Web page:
Carol tells the story of young shop assistant Therese (Rooney Mara), who has an intense lesbian relationship with older woman Carol (Cate Blanchett). Based on the 1952 novel The Price of Salt by Patricia Highsmith, Carol is an example of the female gaze – specifically the lesbian gaze.
Reflecting the oppressive atmosphere of the 50s, the romance of Carol unfolds in a restrained way. Despite the intensity of the relationship and it’s love-at-first-sight beginnings, the film is subtle and takes its time, offering sparse dialogue. Instead, it focuses on the way the two lead characters look at each other and the way that even small movements and touch can hold meaning. In a world where such love cannot be overt, the film has the characters showing their feelings, rather than speaking them.
Looking With The Lesbian Gaze
When Carol and Therese first spot each other in the department store, the audience is invited to feel the instant attraction as each character gazes into the camera. They share these looks throughout the film. At the moment just before they finally declare themselves, both characters gaze at each other in the mirror, Carol standing behind Therese, her hands gently on her shoulders. It’s a moment where desire solidifies; their love is finally reflected back at each other. And they are able to look without hiding it.
Natalie Wilson writes in Ms: “While the emphasis is on Carol and Therese looking at one another with palpable longing, it also surfaces questions as to what it means to look and be looked at as a female while trying to perform femininity in a way that does not put one’s job—or life—in danger… Carol emphasizes the tangled and shifting nature of love via a focus not only on the web-like threads that bind people to one another, but also via its emphasis on mirrors, windows, and reflections. Carol and Therese look hungrily at one another throughout the movie—especially when hotel rooms allow them the coveted privacy that stores, restaurants, and car windows do not.”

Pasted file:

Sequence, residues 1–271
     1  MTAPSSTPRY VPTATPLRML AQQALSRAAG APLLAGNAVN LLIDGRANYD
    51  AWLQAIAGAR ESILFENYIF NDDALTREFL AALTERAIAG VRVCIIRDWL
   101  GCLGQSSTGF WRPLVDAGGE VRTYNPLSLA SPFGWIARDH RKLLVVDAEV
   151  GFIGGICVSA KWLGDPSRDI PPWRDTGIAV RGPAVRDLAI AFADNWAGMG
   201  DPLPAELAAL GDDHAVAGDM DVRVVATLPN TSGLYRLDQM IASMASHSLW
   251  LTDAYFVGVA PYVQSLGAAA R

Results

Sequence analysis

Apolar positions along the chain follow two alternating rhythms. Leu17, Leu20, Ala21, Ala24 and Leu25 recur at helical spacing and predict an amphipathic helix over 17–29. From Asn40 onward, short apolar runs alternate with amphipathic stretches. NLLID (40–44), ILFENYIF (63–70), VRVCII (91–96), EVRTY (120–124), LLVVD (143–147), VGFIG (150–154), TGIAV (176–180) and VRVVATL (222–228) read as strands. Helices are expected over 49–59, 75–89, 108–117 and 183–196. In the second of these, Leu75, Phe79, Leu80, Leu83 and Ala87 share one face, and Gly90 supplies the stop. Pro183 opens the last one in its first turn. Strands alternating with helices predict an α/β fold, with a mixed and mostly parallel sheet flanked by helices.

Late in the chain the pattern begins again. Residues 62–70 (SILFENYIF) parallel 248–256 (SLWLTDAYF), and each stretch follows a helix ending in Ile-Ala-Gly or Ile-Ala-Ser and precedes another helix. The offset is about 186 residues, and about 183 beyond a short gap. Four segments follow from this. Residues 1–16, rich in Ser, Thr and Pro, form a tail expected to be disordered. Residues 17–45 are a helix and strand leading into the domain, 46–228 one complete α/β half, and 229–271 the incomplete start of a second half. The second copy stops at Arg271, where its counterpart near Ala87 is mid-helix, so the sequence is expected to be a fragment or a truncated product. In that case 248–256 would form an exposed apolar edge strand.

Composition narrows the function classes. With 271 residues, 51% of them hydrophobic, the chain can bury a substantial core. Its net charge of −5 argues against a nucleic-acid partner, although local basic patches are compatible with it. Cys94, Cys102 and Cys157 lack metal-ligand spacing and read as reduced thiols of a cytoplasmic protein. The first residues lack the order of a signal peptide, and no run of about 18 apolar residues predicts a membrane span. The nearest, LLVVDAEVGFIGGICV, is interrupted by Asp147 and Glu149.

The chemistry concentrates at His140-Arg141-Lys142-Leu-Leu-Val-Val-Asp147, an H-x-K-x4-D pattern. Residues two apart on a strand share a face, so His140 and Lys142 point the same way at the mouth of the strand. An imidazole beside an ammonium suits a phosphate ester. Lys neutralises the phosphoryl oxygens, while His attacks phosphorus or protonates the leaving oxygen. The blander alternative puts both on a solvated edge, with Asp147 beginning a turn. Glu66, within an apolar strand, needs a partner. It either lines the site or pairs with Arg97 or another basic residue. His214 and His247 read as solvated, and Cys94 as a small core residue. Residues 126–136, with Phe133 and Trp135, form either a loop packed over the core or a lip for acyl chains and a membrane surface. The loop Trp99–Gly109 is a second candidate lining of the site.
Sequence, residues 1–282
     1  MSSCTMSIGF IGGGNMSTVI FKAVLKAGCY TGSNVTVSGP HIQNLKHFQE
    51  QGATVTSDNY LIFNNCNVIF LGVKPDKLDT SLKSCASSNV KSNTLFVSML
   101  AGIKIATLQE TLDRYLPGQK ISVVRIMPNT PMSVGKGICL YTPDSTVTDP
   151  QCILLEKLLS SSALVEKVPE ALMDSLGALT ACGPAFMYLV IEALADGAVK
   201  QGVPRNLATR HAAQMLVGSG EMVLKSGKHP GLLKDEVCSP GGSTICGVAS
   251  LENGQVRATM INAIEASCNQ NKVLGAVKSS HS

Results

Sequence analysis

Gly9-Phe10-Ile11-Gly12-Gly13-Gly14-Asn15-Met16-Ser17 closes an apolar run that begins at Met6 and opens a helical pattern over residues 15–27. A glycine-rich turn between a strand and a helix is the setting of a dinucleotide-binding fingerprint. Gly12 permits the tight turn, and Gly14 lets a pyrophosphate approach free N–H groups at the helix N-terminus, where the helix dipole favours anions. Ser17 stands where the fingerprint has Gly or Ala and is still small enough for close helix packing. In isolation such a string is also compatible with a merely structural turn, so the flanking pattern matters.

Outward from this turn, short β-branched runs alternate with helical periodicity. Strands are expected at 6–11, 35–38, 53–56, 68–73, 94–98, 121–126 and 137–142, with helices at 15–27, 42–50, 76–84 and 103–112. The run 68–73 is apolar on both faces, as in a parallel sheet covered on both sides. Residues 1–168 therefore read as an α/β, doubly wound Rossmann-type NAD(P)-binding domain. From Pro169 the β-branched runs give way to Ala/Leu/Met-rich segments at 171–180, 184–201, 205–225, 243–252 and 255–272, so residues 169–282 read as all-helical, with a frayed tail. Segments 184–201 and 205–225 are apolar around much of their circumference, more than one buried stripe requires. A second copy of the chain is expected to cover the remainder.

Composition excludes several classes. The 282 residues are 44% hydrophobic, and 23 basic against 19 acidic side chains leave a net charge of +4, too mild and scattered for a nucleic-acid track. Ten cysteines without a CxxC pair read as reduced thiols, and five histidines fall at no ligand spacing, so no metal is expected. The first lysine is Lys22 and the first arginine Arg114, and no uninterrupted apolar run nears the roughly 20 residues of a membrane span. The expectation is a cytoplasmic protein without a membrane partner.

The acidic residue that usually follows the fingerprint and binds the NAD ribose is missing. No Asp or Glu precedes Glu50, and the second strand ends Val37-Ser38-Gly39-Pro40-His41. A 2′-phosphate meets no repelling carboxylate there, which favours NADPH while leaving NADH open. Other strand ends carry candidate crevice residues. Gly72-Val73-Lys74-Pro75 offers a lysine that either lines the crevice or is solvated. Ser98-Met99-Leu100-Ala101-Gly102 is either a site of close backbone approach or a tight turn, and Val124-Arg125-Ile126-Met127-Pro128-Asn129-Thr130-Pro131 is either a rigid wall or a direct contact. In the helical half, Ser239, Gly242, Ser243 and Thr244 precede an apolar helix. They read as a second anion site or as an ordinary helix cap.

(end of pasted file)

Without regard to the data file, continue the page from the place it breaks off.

The film makes use of a “voyeuristic” camera style to emphasise the furtive and covert nature of their relationship. Therese looks at Carol through windows, watching her walk away, seeing her fight with her husband. Therese herself is a photographer and uses her camera to look at Carol, capturing her desire in photos, even though she has previously felt that photos of people invade privacy.
Carol’s lesbian gaze is also embodied by the simple fact that this is a film without melodrama or an “agenda”. It’s realistic and it has a happy ending. When so many Hollywood films focus on gay tragedy, a simple story of two women falling in love is unusual. Scriptwriter Phyllis Nagy told The Laughing Lesbian: “What I knew going in to the adaptation was that Pat’s lack of psychologizing about Carol and Therese’s sexual attraction, and ultimately their love, had to be maintained. It could not be corrupted by an impulse to indulge in any number of dramatic narrative clichés about guilt concerning one’s sexuality or the like.”
Cate Blanchett briefly talkes about the lesbian female gaze in this interview:
The book was first adapted by Phyllis Nagy in 1997 and the script went through many iterations while the film was stuck in development purgatory for years. Nagy told Slate that film executives didn’t necessarily baulk at the lesbian aspect of the film. “Having two women leads was the issue.” After multiple changes of director and various obstacles, the film was finally made in 2015. Director Todd Haynes is openly gay and his previous films include Velvet Goldmine and Far From Heaven.
The Oscars Snub Female Desire
The film screened at multiple festivals and received over 100 awards and honours. It was nominated for various Oscars but was passed over for Best Film and Best Director categories. Marcie Bianco wrote in Quartz that Todd Haynes “…structured the film to elevate the power of women’s gaze. In this regard, Carol flips convention: men’s roles are marginal and antagonistic, while women and their desires wield power. The film is about looking—looking as a woman, at other women. The power of the film is allocated and harnessed by women—by their gaze, and by their actions—for each other…. That the Academy—with a membership primarily comprised of older men—overlooked Carol in the “Best Picture” category suggests that it does not value women as subjects of desire.”